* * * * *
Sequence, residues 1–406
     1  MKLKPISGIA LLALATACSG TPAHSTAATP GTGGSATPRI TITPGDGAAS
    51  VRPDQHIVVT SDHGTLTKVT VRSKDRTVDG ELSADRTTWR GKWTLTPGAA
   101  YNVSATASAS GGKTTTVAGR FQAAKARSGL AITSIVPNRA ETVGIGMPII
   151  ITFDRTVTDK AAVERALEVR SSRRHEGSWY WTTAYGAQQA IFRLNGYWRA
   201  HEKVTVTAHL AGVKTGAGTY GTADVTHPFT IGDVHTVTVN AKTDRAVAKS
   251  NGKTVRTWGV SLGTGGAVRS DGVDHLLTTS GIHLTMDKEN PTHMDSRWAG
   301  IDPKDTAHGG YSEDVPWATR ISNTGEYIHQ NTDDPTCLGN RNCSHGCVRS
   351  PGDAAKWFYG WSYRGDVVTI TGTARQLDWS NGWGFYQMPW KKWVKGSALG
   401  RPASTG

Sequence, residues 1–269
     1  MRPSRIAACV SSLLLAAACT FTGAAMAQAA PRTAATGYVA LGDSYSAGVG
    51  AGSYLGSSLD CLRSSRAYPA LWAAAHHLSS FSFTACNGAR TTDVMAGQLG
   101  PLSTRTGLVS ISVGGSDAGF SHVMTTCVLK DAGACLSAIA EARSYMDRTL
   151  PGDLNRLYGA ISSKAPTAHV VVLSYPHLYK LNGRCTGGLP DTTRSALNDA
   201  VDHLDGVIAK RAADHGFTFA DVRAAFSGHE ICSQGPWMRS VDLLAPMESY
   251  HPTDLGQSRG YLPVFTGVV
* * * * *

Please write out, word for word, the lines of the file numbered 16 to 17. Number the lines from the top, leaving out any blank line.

   201  VDHLDGVIAK RAADHGFTFA DVRAAFSGHE ICSQGPWMRS VDLLAPMESY
   251  HPTDLGQSRG YLPVFTGVV